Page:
Home / Companies / News /  Banking on future health using dental stem cells

Pune: Deepak Ghaisas is targeting opportunities in the health management space by ensuring that children as young as six-eight years old provide for a healthy old age now, when the first of their 12 milk teeth fall. Ghaisas’ offering is built around stem cells, specially dental stem cells; he is trying to get parents to bank the teeth of their children.

Ghaisas is currently at the stage of building an ecosystem for the delivery of such stem cell-based therapies, as and when they are ready for rollout, under a global brand. He has created three companies, each addressing a different space in this area, under a holding company called Gencoval Strategic Services Pvt. Ltd.

One of the three is Stemade Biotech Pvt. Ltd, the brand for providing a range of services from storing the stem cells to their multiplication as and when required. Stemade is creating a bank of dental stem cells, collected when milk teeth fall or when a child needs dental braces and a tooth is extracted to make space or the later stage, at 20-21 years of age, when “wisdom" teeth appear and often have to be extracted.

The idea is that parents preserve the mesenchymal stem cells, found in dental pulp, by banking them in Stemade’s dental clinics.

“Stemade has dental clinics in seven Indian cities—Mumbai, Pune, Delhi, Chandigarh, Bangalore, Hyderabad and Chennai. We have a customer base of 1,000 people and there is an increasing acceptance that in the future biotechnology innovation will be a regular therapy," Ghaisas said.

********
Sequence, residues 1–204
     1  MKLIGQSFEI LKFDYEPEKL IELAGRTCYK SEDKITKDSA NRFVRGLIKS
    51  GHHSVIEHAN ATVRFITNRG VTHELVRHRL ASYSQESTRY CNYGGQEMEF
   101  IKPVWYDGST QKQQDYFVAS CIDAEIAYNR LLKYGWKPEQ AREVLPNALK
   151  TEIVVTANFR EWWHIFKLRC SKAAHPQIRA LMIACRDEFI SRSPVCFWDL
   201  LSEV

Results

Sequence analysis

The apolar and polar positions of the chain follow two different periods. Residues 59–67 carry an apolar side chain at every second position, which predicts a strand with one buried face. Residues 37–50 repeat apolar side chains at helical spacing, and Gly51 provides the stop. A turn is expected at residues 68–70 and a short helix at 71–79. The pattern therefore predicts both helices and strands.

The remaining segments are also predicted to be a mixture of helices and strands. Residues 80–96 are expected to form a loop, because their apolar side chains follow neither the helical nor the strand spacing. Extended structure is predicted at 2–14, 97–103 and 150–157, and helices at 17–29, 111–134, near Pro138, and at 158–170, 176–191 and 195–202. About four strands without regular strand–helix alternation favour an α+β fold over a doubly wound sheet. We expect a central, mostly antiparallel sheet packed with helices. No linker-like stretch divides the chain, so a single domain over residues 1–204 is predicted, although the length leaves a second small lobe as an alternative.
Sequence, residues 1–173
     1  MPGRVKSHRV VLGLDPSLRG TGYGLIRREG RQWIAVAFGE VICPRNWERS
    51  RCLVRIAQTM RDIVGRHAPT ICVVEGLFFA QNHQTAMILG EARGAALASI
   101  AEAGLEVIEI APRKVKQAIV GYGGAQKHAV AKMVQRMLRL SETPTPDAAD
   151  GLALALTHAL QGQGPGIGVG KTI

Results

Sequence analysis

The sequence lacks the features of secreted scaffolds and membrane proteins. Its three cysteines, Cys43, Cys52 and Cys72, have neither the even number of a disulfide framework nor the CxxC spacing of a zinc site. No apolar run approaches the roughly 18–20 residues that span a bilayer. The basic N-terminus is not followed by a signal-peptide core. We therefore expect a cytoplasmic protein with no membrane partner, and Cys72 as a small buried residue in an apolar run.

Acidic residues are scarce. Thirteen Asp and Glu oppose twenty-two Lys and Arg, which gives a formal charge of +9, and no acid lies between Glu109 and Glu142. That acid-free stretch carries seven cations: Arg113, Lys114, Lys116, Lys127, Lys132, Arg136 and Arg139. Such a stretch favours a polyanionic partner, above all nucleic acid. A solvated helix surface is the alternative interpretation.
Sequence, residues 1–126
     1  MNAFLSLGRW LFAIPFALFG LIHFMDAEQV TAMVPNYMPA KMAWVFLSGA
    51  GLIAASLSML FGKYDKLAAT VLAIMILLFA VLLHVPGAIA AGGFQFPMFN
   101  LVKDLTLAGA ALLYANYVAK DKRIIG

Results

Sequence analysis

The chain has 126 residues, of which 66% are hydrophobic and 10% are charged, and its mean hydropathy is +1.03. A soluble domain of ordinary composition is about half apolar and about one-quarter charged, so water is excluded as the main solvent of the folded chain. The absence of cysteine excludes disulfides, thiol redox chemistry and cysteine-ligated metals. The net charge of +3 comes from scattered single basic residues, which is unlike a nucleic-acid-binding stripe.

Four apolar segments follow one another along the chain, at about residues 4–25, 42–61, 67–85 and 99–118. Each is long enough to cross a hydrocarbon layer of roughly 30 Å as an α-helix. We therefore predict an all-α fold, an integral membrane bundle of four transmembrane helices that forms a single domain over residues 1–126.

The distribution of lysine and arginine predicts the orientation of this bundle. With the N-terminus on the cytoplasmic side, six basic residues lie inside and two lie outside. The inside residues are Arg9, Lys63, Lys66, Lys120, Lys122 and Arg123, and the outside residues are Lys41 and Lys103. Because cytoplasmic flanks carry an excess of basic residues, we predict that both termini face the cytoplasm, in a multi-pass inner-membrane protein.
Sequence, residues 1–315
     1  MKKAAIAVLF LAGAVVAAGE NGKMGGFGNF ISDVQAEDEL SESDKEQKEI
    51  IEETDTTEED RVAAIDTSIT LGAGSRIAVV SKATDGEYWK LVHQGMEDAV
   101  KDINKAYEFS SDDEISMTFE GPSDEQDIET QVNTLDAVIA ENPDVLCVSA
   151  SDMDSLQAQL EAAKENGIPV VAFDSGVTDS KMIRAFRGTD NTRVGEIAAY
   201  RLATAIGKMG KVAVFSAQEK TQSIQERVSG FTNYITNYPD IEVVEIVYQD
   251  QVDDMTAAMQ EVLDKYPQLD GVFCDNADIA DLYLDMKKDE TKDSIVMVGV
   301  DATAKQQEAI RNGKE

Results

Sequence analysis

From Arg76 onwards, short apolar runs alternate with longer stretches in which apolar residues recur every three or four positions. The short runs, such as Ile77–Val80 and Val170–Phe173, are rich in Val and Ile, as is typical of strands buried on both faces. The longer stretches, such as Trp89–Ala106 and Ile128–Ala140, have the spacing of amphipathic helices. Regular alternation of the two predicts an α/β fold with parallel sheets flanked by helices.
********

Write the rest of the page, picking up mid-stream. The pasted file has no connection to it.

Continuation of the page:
The legal position is that the material is the property of the parents until the child is 21 years of age. Parents pay a fee of 1 lakh for the service. The person attains ownership once adulthood is achieved.

Ghaisas estimates there are around 125 million people in India who can afford to invest in this “derivative product, where the downside is 1 lakh and the upside, enormous! What’s the worst-case scenario? You lose 1 lakh".

Some parents seem convinced. About a fortnight ago, Mumbai-based hotelier Ricky Bhatia’s 13-year-old daughter had a fourth tooth extracted prior to being fitted with braces when the dentist suggested they bank it for the future. Bhatia owns Hotel Beach Garden in Juhu.

“I see this as a long-term insurance and like insurance, I hope we never have to use it," said Bhatia. “I think the technology for the use of dental stem cells is at least 10 years away...In any case, it is better to store it for the future than keeping it under your pillow and making a wish."

While Qayum Mukaddam, medical director at a leading pharma company, had heard of stem cell therapies, he chose to use dental stem cell banking for his daughter, who’s nearly 10 years old.

“Teeth are the richest source for stem cells and there is no invasive procedure involved or anything that could affect our daughter’s growth or development. We took our daughter to the dentist, who x-rayed the teeth to find the healthiest and extracted one, the most viable one," Mukaddam said.

Ghaisas first rose to eminence as head of i-flex Solutions Ltd, which later got acquired and became Oracle Financial Services Software Ltd, before starting Gencoval Strategic Services.

Anand Deshpande, chairman and managing director, Persistent Systems Ltd, a Pune-based software product developer, pointed to the similarities between the two sectors Ghaisas’ work straddles. “In 1990, Deepak was already the CFO (chief financial officer) at i-flex and who thought then that IT (information technology) would do all that it does? That is where his venture is now: this is the future and personalized medicine is a very big opportunity. People are getting sicker and they need cures, they want quality of life. So, this is an opportunity but also an exciting and challenging field," Deshpande said.